Lt. Starin meanwhile closed in on the left hand flight of four and put a long burst into a straggling e/a,. The Jack took it, then, as pieces broke off his fuselage and smoke poured from his engine, he broke for the deck. The opposite flight of four turned into Starin, and put a hole in his vertical stabilizer before he broke down at full throttle and escaped. A few minutes later Maple flight began to get business. Several bailouts came in rapid succession, over the RP or near it. Most were from another Group; one was Lt. Mekus of the 506th, who had been flying with the 457th squadron. Mekus was rescued by the lifeguard submarine soon after he hit the water. Then a distress call came in from a pilot bailing out some 100 miles northeast, just offshore. The submarine could not attempt rescue because of mines and coastal batteries. Maple flight, 2 B-29's, and a dory-hung B-17 headed, for the position. Three motorboats were close to the reported position of the downed pilot, but turned back to shore as soon as the rescue planes appeared. Two rowboats remained some 3 miles offshore, and another lay a few miles farther out. Lt. Kelsey, Maple leader, took a squirt at the lone boat, for it was chasing something that could have been a man trying to swim to sea. The splashing was actually a school of fish, Maple flight flew over the other small craft, but did not strafe for fear the pilot had been rescued and was aboard. The area was searched thoroughly, but no trace of the pilot remained. Maple flight was finally ordered to return to base. It landed at 1950, after nine hours and fifty minutes-of flight.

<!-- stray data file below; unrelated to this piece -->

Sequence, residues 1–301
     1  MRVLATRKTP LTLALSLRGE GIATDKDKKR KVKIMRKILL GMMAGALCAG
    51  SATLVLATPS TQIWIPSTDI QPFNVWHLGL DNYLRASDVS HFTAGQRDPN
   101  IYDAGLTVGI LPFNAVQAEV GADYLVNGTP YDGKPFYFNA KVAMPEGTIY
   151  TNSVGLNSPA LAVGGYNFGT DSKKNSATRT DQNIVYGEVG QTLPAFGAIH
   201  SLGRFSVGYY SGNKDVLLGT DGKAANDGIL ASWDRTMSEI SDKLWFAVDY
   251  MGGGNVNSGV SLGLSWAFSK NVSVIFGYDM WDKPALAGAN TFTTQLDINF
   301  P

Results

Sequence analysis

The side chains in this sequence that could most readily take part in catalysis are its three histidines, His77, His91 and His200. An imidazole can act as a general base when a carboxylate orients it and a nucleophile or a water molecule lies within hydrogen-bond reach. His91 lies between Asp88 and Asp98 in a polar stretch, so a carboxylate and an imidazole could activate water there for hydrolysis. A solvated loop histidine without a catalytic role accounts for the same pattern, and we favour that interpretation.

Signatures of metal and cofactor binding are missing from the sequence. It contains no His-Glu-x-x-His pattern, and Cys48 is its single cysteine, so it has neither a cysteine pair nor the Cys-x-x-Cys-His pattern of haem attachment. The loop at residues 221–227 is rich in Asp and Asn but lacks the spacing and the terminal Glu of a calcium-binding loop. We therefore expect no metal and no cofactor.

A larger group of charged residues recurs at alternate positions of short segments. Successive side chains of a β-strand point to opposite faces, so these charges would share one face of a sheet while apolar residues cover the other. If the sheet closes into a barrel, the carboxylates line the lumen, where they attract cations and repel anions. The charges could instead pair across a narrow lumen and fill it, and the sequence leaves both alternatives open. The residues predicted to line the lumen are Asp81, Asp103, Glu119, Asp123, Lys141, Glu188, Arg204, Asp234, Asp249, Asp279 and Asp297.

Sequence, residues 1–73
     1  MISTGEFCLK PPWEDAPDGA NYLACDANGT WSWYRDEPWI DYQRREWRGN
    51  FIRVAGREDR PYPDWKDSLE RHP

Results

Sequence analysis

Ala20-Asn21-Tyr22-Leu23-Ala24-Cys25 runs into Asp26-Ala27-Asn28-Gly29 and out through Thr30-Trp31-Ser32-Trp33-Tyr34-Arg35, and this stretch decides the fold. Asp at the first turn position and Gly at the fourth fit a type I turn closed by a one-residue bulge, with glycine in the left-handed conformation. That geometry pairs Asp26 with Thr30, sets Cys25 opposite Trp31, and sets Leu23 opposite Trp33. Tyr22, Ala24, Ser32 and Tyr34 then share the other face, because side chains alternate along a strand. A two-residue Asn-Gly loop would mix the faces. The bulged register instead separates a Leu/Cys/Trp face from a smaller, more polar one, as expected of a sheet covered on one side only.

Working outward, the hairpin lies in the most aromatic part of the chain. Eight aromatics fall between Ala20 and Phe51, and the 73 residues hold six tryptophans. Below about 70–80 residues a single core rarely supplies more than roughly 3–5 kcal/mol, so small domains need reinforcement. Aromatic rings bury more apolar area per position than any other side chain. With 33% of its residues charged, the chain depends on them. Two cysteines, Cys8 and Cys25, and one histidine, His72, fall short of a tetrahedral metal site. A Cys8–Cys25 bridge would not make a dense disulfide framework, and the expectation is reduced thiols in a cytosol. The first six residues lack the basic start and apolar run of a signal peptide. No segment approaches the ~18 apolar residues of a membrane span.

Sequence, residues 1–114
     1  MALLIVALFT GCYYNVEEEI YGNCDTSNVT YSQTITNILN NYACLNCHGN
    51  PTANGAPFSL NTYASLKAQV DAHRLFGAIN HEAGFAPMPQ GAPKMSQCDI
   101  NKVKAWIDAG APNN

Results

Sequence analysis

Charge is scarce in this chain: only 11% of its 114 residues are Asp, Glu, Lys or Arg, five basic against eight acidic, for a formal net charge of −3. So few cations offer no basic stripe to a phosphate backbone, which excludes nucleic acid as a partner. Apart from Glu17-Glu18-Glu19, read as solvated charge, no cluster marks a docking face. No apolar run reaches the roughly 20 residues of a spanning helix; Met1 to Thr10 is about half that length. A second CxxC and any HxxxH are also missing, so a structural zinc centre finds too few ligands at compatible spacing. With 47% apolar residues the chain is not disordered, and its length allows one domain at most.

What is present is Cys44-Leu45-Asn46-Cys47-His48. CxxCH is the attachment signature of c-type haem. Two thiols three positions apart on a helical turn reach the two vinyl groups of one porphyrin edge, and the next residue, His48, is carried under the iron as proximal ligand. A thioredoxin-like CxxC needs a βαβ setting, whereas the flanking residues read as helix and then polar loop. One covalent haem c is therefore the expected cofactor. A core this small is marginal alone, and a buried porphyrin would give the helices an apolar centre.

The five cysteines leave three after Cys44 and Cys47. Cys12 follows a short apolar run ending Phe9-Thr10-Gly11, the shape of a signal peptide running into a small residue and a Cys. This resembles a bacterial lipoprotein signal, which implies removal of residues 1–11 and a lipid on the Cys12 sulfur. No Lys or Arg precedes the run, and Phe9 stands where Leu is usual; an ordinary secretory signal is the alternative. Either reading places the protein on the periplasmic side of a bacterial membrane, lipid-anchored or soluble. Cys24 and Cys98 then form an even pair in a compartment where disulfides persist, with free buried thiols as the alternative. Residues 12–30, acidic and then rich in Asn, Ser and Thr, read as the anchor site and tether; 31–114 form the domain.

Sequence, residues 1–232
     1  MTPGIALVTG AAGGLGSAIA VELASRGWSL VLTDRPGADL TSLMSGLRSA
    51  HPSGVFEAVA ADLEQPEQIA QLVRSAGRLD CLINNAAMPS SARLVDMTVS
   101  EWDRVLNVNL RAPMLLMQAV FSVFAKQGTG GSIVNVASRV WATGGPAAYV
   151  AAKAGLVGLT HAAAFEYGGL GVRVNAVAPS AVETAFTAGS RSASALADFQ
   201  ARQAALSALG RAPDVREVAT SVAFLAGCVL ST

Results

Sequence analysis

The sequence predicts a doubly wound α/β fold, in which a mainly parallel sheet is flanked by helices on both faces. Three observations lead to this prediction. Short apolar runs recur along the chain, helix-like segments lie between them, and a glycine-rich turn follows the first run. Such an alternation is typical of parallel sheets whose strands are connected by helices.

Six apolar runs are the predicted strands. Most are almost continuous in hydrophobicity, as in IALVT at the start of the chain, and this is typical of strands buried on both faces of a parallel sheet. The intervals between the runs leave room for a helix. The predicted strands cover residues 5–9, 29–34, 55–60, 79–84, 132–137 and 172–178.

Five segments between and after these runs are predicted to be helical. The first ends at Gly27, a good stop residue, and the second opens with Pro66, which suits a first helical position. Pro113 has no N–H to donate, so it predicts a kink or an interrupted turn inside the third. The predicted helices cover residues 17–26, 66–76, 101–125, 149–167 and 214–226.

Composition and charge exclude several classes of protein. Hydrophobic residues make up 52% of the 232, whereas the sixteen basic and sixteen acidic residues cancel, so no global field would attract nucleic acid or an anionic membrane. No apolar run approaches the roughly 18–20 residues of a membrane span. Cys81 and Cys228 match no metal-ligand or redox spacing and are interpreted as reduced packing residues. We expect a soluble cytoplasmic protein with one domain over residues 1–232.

Shortly after the main body of P-5ls had left the RP; Capt. Carmody, Green leader, saw a 462nd, a/c' trailing coolant and smoke. He circled with the damaged P-51 until the engine caught fire and the plane dived toward the sea. The pilot Lt. Freeman, bailed out just as his a/c began to burn. Green flight circled him after, he hit the water, calling for help. A dumbo finally located Freeman, and Green flight returned to base, landing with fuel tanks full of anything but.
DAMAGE TO THE ENEMY;
During a low level strafing mission of 26 July, 458th pilot 2nd Lt. Edwin "Ted" Warfield III was hit by flak downed and rescued by a submarine off the coast of Honshu (MAP). (Read his rescue story where he was in the drink for 6 days awaiting rescue).
As the aerial war wound to a vicious end in August, Japanese flak gunners extracted an ever increasing toll. On August 3,1945 Seventh Fighter Command attacked targets in the Tokyo area. Four P-51 s went down and nine more carried battle scars back to Iwo Jima. The 458th lost 2nd Lt. Paul I. Ewalt, killed in action, and the aircraft of Capt. Edward H. Mikes, Jr. was hit and he parachuted into outer Tokyo Bay. (Read his story where he was strafed by enemy fighters while awaiting rescue).
This triggered a marvelous rescue effort that involved Mustangs, B-29s, a pair of Navy Privateer patrol bombers an Air Force B-17 Super Dumbo and finally the submarine, Aspro. The B-17 had dropped a motorized launch to Mikes, who was trying to put distance between himself and the Honshu shoreline. Enemy aircraft interfered, Mikes was strafed, the four-engine PB4Ys flew CAP and downed two of the Japanese planes and ultimately, after being twice bombed, Aspro came to the rescue. Mikes spent the balance of the war aboard the submarine.
Four successive VLR missions gained the 458th no further contact with the enemy who had now pulled into his defense shell awaiting the inevitable invasion. But the atomic bombs propelled the Japanese into a surrender on August 14th. The 458th suffered no further losses in the campaign after 3 August.
The 458th had downed 22 enemy planes in aerial combat (highest scoring squadron for the 506th Group), probably destroyed three and damaged two more. They had destroyed or damaged many more on the ground and claimed several ships damaged. As part of the 506th Group they were awarded the Distinguished Unit Citation.
Arrival time: 11/23/2017 at: 1:34:34 PM